"I don't say he's a great man. Willie Loman never made a lot of money. His name was never in the paper. He's not the finest character that ever lived. But he's a human being, and a terrible thing is happening to him. So attention must be paid. He's not to be allowed to fall in his grave like an old dog. Attention, attention must finally be paid to such a person."
Attention, attention must finally be paid... So sounds out Arthur Miller's cry to observe that every individual, every human being must have attention paid to them. It is a tragic irony that it seems impossible for the limited human love and kindness to engage with all people, for there is always something that turns us away. In the case of this drama, the slowly grinding wheels of a tiredness created through the every pressing need to possess more and more.Death of a Salesman
is often called the dark drama of the American Dream. In many ways this is true, as Miller recreates a world where human wants are turned on their head into 'human needs'. As part of my research for travelling to the States myself, I've been reading up on the concept of the American Dream in novels and theoretical articles. It seems that as I've read an interesting proposition has sprung up: can any author when writing about America escape the whirlpool of literature that is the American Dream? I doubt that any author can, for in writing a play about multiple failures - the failures of family, success, love and ultimately the many failures of relationships - Miller wrote a play that has come to be known as a play about the failure of the American Dream in its many formats. Yet, this failure is one which seems to me to be connected to all humans everywhere, in how our drives towards false dreams will only end in failure.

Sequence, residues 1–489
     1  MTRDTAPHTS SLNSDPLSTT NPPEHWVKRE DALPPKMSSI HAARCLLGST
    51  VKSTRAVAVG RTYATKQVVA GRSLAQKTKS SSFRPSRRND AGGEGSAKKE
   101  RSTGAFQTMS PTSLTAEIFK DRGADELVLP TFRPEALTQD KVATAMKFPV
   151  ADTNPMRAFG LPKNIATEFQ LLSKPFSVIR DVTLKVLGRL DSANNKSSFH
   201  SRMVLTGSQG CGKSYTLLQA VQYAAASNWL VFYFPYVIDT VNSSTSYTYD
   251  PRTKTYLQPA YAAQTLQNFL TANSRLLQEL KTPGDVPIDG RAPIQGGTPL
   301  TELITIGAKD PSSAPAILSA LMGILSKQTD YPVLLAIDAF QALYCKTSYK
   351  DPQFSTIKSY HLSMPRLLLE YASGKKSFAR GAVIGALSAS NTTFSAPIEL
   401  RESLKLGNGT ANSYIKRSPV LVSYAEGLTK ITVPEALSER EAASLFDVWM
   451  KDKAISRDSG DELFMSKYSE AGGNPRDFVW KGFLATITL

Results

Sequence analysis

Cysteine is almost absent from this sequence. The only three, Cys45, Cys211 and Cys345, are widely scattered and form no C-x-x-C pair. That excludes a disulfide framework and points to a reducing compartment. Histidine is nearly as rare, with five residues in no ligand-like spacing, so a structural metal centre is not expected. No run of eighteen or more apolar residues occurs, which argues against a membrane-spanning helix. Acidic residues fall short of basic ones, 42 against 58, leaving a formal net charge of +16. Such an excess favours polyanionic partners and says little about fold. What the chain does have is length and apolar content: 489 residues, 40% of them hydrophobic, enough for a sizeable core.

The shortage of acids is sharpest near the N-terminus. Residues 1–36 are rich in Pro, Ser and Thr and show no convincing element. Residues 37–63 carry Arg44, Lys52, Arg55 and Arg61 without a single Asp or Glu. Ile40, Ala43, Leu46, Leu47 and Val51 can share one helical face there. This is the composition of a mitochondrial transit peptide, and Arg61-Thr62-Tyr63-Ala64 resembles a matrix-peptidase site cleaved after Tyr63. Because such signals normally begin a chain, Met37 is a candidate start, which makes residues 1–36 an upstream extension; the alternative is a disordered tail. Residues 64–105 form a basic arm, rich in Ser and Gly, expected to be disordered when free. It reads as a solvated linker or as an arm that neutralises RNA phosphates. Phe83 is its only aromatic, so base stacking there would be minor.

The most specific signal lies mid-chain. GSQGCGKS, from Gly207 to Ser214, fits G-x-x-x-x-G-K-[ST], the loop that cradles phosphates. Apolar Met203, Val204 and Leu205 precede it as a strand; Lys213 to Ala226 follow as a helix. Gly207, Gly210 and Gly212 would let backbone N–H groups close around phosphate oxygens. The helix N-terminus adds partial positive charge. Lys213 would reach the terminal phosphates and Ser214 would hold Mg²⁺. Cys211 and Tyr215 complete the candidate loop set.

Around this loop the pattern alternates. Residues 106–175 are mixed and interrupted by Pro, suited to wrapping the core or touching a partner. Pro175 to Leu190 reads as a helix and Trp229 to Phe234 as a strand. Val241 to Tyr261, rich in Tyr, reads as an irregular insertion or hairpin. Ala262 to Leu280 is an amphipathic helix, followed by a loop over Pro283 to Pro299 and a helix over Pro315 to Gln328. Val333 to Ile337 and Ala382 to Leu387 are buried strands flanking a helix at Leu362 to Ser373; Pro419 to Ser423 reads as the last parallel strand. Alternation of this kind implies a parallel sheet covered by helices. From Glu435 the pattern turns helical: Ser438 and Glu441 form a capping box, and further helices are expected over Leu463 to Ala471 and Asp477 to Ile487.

Ultimately I believe Miller's story is one which is about success and visionary dreams as much as it is about failure. As Biff says at the end of Willy Loman, "He never knew who he was." Miller seems to have created a work which analyses and observes that chasing after false dreams never brings satisfaction. It is a theme as old as time, seen in such writings as those of Solomon in Ecclesiastes when he states that 'Everything is meaningless.' And certainly everything is meaningless when you base your identity solely in your set dream. For if your dream fails it becomes a failure of yourself as an individual. The ultimate warning of Miller's play is to seek satisfaction in yourself as an individual and not to chase after what you are not: not to be complacent but to be satisfied.